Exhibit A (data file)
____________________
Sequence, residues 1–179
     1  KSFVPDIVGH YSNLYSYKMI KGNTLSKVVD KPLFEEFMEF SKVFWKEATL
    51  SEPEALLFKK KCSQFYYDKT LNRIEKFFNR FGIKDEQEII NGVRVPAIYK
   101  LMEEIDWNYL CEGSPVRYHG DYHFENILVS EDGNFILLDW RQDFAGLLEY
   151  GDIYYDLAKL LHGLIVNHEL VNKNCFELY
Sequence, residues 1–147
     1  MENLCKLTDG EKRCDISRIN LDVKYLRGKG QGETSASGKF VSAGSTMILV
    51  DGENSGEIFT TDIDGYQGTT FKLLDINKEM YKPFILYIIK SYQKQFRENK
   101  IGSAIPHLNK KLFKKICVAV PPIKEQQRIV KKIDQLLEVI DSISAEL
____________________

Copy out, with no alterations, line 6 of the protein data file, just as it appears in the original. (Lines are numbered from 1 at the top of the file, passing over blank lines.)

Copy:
Sequence, residues 1–147